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A Separation

Iranian film is a strong Oscar contender

Feb. 14, 2012
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A Separation, which has already earned three prizes at the Berlin International Film Festival and is a strong contender for the Best Foreign Language Oscar, is an extraordinary film about ordinary life. Neither dull like those British “kitchen sink dramas” nor fatally compromised like a Hollywood problem picture, A Separation is another example of how the art of cinema has flourished under Iran's censorial regime. But unlike many Iranian films, which move at what feels like real time with a minimum of edits, A Separation shows its story from many angles—literally as well as figuratively. The pace is decisive and the cinematography beautifully polished.

The separations in A Separation occur between husband and wife, a woman and her home, a child and her parents and people from each other. Simin (Leila Hatami) reluctantly resolves to divorce her husband, Nader (Peyman Moadi), for an opportunity to immigrate. Awaiting the court proceedings, she moves back to her mother's place while leaving their daughter Termeh (Sarina Farhadi) in Nader's care. They are a middle-class couple in the bustling capital of Tehran, and, aside from Simin's obligatory headscarf, there is much to remind Western audiences of urban professionals anywhere. Their apartment is large and cluttered with the debris of a life with too little time. They are caring for Nader's Alzheimer's-stricken father, an affable old man who remembers little from minute to minute and needs help using the bathroom.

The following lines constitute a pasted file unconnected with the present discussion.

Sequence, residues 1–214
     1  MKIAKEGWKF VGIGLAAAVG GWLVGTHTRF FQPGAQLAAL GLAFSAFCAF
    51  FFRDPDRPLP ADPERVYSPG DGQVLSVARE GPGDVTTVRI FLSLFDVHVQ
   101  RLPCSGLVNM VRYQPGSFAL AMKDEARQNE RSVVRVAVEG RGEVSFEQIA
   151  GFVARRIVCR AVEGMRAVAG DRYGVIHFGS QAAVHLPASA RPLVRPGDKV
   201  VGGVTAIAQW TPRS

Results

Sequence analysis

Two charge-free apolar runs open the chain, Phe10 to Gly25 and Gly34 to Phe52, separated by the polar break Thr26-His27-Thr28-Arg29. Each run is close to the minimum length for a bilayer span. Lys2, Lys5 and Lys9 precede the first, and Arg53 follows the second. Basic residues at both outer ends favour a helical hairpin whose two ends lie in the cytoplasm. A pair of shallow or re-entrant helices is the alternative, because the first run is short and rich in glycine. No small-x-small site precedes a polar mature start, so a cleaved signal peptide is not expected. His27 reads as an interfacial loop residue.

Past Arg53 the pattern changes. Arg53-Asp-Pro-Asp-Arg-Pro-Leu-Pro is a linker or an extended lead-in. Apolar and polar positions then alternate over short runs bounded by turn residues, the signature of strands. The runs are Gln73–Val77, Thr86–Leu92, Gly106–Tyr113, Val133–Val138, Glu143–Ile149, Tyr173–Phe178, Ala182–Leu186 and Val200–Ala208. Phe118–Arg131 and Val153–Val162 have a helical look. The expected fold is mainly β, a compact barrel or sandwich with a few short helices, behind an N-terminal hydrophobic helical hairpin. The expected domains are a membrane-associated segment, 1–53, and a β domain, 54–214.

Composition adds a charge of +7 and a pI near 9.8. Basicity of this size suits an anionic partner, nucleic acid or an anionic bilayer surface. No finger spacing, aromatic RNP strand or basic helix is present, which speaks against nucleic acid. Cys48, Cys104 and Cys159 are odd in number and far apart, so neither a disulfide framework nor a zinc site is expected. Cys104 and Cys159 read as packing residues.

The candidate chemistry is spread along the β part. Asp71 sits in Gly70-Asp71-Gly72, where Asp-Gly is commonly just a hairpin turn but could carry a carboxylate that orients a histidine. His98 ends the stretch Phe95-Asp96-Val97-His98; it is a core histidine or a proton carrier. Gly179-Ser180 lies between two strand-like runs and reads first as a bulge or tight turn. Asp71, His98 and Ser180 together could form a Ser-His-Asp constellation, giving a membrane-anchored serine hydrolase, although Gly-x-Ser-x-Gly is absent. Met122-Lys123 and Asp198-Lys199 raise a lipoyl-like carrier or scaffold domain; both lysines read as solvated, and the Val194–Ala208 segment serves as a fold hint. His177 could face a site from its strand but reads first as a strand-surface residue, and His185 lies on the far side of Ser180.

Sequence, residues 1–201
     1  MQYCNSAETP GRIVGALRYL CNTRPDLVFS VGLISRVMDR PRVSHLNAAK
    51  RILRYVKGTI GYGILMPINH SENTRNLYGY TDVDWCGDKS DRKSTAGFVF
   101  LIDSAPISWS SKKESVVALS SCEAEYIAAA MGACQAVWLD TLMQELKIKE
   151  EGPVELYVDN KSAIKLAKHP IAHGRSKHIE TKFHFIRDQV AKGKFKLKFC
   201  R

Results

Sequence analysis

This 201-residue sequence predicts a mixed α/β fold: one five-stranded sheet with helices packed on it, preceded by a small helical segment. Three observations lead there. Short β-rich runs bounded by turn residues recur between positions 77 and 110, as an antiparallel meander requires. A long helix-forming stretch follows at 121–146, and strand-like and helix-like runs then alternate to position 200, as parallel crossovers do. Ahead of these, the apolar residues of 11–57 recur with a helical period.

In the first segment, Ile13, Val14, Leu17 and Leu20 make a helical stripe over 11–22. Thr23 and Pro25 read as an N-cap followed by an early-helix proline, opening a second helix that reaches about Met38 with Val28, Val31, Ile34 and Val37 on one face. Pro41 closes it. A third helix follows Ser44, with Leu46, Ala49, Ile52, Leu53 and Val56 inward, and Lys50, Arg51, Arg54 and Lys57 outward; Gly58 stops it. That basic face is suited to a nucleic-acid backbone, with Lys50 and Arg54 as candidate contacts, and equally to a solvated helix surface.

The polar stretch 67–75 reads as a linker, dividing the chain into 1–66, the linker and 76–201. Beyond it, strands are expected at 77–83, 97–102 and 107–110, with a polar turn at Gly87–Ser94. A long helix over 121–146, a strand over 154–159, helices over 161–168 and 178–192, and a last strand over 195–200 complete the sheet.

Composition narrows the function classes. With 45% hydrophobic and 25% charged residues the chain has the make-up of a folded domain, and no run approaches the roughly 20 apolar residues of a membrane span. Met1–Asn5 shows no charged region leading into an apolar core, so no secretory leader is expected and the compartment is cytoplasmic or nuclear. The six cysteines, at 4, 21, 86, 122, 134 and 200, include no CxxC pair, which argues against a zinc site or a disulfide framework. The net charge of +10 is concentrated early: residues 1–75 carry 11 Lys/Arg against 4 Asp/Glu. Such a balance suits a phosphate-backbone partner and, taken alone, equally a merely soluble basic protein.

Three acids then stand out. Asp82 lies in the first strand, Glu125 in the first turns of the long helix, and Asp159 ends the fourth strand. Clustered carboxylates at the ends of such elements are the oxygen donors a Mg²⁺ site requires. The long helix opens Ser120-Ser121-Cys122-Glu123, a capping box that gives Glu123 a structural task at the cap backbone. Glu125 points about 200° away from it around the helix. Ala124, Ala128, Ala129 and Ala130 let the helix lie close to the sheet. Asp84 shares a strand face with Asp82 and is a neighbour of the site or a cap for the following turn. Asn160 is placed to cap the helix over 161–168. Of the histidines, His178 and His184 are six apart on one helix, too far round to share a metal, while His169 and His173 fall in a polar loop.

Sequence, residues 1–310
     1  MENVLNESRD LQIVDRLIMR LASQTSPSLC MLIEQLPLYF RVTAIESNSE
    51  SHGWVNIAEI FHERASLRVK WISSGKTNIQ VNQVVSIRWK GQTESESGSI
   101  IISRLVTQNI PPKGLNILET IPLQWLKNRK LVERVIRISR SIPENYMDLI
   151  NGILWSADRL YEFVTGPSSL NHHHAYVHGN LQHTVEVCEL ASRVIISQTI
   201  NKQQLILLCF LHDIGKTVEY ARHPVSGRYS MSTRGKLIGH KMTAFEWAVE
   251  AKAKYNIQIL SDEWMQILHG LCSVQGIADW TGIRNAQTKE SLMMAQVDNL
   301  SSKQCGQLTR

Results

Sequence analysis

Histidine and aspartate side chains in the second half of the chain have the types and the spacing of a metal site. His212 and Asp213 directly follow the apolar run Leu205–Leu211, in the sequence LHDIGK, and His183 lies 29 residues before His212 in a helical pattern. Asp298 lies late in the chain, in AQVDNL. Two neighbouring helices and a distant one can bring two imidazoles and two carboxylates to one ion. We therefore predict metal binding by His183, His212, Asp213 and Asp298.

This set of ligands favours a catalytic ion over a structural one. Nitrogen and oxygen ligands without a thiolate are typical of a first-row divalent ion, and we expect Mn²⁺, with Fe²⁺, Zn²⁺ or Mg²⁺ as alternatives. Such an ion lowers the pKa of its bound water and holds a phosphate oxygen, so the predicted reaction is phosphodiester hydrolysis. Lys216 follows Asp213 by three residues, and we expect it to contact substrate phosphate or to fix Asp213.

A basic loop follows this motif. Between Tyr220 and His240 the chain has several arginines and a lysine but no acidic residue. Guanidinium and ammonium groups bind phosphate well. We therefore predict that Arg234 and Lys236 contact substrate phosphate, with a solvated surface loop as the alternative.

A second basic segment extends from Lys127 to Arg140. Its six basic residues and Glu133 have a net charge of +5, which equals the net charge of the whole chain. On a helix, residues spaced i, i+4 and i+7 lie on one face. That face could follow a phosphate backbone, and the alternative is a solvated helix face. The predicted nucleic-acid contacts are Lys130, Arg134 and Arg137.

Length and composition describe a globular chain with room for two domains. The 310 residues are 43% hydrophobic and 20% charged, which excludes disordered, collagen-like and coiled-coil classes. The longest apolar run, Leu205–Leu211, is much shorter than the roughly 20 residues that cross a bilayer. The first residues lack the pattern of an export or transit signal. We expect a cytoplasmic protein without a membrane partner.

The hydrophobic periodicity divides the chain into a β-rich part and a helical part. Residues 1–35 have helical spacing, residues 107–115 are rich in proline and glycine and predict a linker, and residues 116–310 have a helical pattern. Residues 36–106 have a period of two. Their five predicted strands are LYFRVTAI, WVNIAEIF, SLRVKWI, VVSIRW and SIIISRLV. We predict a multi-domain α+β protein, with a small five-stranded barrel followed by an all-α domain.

The human problems are universal, but the particular problems of Iran soon come into focus. Simin hires a pious lower-class woman, Razieh (Sareh Bayat), to keep house while Nader is at work. When Nader's father soils himself, Razieh panics and phones an Islamic help line for guidance: Is it a sin for a woman to help a strange man go to the toilet? We don't hear the answer, but apparently it involves Razieh donning latex gloves before handling the old man.

Razieh is a harried woman trying to do her best, which isn't good enough for Nader. They argue. When Nader pushes her out of the door of his apartment, she slips on the stairwell. Later that day she miscarries. Razieh's abusive husband, hot-tempered and dim as a bull in the ring, wants blood. Nader stands charged with the murder of Razieh's unborn child in Iran's justice system, a ramshackle edifice with officers who nevertheless seek to find the truth.

And here is one of the fascinating aspects of A Separation: The truth is difficult to establish when no one is entirely truthful and, as in Hitchcock films, everyone is ultimately guilty of something. Writer-director Asghar Farhadi astutely measures the human capacity for prevarication, selfishness and altruism. Entangling everyone is someone else's misdeed, and there are consequences to every action. A Separation is composed of many small, acute moments, such as Simin's choice of a single CD when she packs her bags and leaves, and Termeh's forlorn face in the window glass, aware that her mother is packing for more than a brief vacation.

All of this unfolds without the aid of syrupy Hollywood music, an absence that allows the natural gravity of the situation, the reality, to stand in sharp, painful relief.


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